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Obama promises to boost nuclear power January 29, 2010

Posted by cleanidahoenergy in balanced approach, Barack Obama, economic benefits, Energy policy, Politics and nuclear, President Obama.
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President Obama appears to be warming to nuclear power in a big way. In his state of the union speech this week, he said “to create more of these clean energy jobs, we need more production, more efficiency, more incentives. And that means building a new generation of safe, clean nuclear power plants in this country.”

Obama stated his support for nuclear power while campaigning, and several times since then. Today, however, his administration said it will press for $54 billion in new loan guarantees for new plants. Loan guarantees have proven the least costly form of energy assistance – so far, the government hasn’t had to pay any for nuclear plants – and give private investors some assurance. That’s needed in the face of excessive and unreasonable opposition to nuclear power, which drives up costs.

Last week, Obama issued an executive order to reduce national greenhouse gas emissions 28 percent by 2020. The only way to do that and keep our economy healthy is with an all-of-the-above approach embracing conservation, renewables, clean fossil and nuclear.

Obama appears to be backing up his words with specific financial proposals and that is most welcome. Another $54 billion would greatly assist utilities and private investors companies, such as ours, move forward on our plans to keep clean, reliable, secure nuclear energy a vital part of America’s infrastructure.

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Obama supports “all of the above” approach to energy generation October 16, 2009

Posted by cleanidahoenergy in balanced approach, Barack Obama, coal power, President Obama, Steven Chu.
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It was very refreshing to hear President Obama restate his support for nuclear energy yesterday. At a townhall meeting in Louisiana, Obama states support for all clean energy sources – a view held by mainstream America – and singled out nuclear power. His remarks, beginning 5:45, were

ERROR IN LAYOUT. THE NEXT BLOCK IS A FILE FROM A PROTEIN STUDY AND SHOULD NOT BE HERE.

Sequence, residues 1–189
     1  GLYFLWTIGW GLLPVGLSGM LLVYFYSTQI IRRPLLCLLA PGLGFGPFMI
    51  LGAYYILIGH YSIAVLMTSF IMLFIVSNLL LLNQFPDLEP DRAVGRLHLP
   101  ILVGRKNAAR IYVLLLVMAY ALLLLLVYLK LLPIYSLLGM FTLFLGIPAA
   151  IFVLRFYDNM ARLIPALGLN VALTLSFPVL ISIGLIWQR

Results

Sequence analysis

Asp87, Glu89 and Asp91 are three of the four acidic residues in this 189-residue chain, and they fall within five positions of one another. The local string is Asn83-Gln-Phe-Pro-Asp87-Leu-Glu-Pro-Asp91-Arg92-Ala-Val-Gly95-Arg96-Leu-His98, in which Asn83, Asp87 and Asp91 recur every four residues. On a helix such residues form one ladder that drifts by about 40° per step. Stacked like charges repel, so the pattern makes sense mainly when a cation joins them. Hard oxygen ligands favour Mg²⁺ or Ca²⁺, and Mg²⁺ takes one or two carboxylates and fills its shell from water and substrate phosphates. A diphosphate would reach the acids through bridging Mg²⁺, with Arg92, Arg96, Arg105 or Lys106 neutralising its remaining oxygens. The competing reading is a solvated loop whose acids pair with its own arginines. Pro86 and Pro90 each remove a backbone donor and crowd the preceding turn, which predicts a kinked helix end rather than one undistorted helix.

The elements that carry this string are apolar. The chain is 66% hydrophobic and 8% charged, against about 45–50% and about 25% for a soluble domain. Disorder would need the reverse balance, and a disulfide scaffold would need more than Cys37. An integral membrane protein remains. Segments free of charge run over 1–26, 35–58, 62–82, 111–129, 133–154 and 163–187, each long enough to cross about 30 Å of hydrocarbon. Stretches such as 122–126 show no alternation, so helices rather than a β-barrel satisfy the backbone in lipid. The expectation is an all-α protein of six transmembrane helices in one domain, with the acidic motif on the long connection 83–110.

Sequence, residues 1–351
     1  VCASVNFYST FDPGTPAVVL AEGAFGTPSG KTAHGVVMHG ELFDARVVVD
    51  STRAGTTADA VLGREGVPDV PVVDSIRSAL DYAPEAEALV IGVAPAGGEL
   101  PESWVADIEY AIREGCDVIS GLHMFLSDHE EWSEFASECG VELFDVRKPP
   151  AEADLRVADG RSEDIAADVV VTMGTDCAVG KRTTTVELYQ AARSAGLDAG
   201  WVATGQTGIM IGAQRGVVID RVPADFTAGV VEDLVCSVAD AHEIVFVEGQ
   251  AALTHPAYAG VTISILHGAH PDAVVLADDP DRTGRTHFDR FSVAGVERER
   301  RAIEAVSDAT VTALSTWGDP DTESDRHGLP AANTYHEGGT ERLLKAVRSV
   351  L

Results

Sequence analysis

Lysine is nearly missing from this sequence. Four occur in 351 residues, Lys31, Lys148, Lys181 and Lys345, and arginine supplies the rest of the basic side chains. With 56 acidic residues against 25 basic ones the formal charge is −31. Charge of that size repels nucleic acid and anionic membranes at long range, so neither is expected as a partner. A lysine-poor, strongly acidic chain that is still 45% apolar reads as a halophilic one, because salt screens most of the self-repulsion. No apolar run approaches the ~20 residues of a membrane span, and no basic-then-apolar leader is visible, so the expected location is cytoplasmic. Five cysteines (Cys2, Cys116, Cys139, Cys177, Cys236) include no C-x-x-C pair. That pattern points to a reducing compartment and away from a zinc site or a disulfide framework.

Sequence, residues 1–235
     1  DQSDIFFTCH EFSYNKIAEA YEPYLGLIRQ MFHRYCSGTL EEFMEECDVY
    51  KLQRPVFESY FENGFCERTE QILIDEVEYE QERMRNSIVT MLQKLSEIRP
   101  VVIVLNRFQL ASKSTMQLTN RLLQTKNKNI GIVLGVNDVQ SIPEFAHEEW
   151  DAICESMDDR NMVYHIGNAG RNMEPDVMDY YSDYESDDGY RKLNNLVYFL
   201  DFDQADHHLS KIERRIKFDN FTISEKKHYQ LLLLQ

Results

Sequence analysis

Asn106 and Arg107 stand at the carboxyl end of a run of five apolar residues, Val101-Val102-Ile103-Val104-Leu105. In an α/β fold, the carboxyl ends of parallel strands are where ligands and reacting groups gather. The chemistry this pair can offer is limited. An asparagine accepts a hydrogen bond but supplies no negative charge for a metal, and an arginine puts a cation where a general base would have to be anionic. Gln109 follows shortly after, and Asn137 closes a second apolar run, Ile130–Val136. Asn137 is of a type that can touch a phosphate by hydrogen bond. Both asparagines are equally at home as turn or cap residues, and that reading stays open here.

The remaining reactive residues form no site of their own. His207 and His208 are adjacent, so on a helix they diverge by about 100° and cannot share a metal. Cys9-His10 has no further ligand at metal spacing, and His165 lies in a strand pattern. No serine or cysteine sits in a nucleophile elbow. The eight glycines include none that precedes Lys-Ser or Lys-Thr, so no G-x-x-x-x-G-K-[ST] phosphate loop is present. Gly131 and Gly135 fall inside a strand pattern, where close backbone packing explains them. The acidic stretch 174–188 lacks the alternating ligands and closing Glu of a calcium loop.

“We need to increase domestic energy production. Theres no reason why technologically, we can’t employ nuclear energy in a safe and effective way. Japan does it and France does it, and it doesn’t have greenhouse gas emissions. It would be stupid for us not to do that in a much more effective way.”

Obama’s energy secretary, Steven Chu, has also strongly supported nuclear’s role in our national energy policy, as he realizes nuclear alone can provide low-cost, emissions-free, baseload energy.

With around 65 new nuclear reactors under construction worldwide, the U.S. needs to follow up these words with commitment, or risk being left out of the global economy, falling further behind in reliable power generation, industrial capacity and carbon reduction.The words supporting an all-of-the-above stance are nice, Mr. President, but now back them up with policy.

Obama signals pro-nuke stance in Steven Chu pick January 20, 2009

Posted by cleanidahoenergy in balanced approach, Barack Obama, Global Nuclear Energy Partnership, international, nuclear industry, Politics and nuclear, President Obama, reprocessing, Steven Chu.